Promoters and fund managers must be authorised by the UK Financial Services Authority (FSA) (or its anticipated successor organisations, the Financial Conduct Authority and/or the Prudential Regulation Authority) to the extent that they carry out regulated activities. Most private equity fund managers conduct regulated activities such as operating a collective investment scheme, managing investments and arranging deals in investments. Promotion of a fund is possible without authorisation if it is to a limited class of investors (see Question 11). However, it is easy to stray from pure promotion into regulated activities such as advising and/or arranging, and in practice most promoters are FSA authorised. Additionally, any employees or officers of authorised firms that carry out key functions in a firm must also be individually authorised by the FSA.
Firms seeking authorisation must meet threshold conditions (which involves an assessment of the firm's suitability and resources) and maintain minimum levels of regulatory capital. Firms must comply with the FSA Handbook of Rules and Guidance on an ongoing basis.
The FSA regulates those conducting regulated activities, that is, generally the managers and advisers and not the fund itself. Depending on the fund's structure other rules and regulations may apply, such as the conditions for VCTs (see Question 5).
LP interests cannot be marketed to the general public, but only to a limited category of investors including investment professionals, high net-worth companies and sophisticated or high net-worth individuals (if certified as such).
Offers of LP interests can generally be made without requiring an offering document that is compliant with Directive 2003/71/EC on the prospectus to be published when securities are offered to the public or admitted to trading (Prospectus Directive) by ensuring that the offer is exempt (most commonly by limiting the number of investors to whom it is marketed or prescribing a minimum investment amount). Funds that are listed on a regulated market, for example VCTs, must usually issue a prospectus in accordance with the Prospectus Directive requirements.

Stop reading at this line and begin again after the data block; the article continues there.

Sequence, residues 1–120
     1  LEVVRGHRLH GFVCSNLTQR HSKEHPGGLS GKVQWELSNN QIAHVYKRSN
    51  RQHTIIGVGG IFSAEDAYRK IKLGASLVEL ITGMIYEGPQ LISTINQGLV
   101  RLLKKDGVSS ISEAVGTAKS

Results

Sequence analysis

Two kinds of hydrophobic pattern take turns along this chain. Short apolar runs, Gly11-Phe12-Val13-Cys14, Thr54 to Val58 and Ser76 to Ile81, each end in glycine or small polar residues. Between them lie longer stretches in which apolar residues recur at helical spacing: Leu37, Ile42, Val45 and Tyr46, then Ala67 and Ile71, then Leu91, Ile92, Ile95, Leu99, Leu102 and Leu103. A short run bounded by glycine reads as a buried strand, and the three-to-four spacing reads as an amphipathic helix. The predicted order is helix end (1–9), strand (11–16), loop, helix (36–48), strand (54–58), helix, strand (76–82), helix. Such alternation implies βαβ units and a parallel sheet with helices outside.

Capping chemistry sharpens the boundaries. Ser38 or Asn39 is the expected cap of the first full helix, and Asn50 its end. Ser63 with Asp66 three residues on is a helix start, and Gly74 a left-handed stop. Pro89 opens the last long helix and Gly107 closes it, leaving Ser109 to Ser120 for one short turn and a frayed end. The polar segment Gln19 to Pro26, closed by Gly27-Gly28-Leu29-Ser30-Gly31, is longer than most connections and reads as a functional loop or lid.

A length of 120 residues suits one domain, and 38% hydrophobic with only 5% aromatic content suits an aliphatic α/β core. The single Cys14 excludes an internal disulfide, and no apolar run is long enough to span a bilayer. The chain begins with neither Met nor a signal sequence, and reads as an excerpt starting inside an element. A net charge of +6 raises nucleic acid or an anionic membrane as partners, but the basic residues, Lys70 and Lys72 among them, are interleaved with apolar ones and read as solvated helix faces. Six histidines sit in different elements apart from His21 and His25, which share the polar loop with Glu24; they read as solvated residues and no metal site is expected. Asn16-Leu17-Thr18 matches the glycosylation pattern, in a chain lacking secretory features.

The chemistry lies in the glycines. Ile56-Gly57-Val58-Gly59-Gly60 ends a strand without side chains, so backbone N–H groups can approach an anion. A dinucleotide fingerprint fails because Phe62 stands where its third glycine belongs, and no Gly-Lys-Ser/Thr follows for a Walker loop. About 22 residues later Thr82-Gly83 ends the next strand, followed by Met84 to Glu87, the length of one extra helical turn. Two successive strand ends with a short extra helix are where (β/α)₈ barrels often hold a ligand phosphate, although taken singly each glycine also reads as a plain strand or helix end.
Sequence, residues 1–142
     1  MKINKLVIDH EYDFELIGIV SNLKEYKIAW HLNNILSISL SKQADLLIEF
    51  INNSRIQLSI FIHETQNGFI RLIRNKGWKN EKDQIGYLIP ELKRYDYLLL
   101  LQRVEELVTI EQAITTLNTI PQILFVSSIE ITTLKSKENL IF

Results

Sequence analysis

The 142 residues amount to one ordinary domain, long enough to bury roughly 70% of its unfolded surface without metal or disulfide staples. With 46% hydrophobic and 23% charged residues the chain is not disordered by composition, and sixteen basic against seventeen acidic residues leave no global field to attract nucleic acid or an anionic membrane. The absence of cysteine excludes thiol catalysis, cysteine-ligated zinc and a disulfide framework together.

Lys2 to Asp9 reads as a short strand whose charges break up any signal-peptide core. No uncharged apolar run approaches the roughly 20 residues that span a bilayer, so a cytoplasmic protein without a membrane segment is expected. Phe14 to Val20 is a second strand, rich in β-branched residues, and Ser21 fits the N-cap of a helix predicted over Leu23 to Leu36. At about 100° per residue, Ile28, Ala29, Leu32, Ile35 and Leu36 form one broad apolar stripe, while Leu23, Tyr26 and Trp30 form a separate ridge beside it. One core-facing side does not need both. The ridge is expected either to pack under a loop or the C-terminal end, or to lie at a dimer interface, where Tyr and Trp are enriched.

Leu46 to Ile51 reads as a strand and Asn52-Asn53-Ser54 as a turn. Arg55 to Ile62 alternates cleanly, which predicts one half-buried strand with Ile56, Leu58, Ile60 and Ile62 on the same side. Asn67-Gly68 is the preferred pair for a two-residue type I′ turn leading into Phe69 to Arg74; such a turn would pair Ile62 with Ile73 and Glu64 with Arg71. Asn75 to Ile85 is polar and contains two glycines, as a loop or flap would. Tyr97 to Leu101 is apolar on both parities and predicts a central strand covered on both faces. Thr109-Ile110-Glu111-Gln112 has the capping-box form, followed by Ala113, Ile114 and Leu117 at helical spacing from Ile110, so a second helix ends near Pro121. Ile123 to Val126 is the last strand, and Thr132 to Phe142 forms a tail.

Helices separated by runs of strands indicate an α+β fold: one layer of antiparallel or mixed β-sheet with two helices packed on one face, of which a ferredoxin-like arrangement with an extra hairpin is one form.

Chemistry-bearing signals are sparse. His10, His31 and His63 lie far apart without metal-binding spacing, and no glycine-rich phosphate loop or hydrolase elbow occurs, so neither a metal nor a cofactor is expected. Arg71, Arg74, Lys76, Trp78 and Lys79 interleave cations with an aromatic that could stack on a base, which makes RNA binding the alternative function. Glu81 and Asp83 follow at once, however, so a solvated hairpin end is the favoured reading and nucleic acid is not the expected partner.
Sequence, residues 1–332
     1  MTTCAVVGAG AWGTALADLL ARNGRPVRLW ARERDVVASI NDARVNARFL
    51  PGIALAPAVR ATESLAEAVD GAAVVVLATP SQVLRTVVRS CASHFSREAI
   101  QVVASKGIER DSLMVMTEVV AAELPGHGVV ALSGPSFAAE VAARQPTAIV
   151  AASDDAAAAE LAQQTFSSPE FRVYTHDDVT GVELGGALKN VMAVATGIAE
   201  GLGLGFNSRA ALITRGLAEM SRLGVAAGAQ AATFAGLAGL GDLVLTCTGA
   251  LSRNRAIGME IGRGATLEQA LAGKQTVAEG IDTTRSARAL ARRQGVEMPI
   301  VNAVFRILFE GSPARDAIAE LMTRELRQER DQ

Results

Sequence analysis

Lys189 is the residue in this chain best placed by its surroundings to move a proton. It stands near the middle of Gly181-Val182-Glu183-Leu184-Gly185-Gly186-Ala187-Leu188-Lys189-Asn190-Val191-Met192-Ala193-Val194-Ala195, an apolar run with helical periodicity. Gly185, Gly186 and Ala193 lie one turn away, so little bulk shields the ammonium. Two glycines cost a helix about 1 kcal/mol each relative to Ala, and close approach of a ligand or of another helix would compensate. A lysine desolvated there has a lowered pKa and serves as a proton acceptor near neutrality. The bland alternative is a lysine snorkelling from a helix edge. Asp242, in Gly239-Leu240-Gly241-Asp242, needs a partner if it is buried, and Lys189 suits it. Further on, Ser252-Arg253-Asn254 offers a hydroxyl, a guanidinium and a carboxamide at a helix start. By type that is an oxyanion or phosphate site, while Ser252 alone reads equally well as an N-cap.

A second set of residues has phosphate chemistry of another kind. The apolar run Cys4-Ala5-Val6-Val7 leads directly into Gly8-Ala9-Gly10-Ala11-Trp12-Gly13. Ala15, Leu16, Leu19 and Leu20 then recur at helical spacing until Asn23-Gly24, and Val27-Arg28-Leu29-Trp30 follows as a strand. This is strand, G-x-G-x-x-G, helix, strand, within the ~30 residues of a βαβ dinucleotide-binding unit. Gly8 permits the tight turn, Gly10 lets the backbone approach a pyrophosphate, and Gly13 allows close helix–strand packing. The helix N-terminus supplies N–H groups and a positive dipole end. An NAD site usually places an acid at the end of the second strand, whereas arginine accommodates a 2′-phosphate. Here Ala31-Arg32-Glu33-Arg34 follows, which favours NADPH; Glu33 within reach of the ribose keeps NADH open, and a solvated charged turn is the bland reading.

There are no restrictions on the identities of investors in private equity funds that are LPs, although LPs can only be marketed to a limited class of persons (see Question 11). Investors in VCTs must be at least 18 years old.
There are no statutory requirements on investment periods, amounts or transfers for private equity funds structured as LPs. However, LPs are usually closed ended, so do not allow redemptions. LP agreements typically provide for minimum subscription levels and regulate transfers.
For VCTs and EIS shares see Question 5.
Private equity funds structured as LPs are governed by a partnership agreement. The partnership is usually managed by a management company that contracts directly with the partnership. Individual investors may also negotiate side letter terms with the fund and its manager.
Examples of protections that LP investors typically seek to negotiate include:
Investment restrictions, including restrictions on borrowing.
The appointment of an investors' advisory committee.
Regulation of conflicts of interest, in particular restrictions on raising competing funds.
Key person clauses.
Removal of the manager and the general partner (for cause or for no cause).
Clawbacks of incentive fees.
Private equity funds commonly invest through a combination of equity (in the form of ordinary and preference shares) and loan notes.
The advantage of loan notes over preference shares is the greater repayment flexibility. The interest accruing on a loan instrument can be paid to the noteholder in circumstances where a fixed dividend payable on a preference share might not be able to be paid due to a lack of distributable profits. Similarly, a loan note can be redeemed in circumstances where the redemption of preference shares is not permitted. Another advantage, subject to adequate structuring, is that a portfolio company may be able to claim a tax deduction on interest due on the loan notes.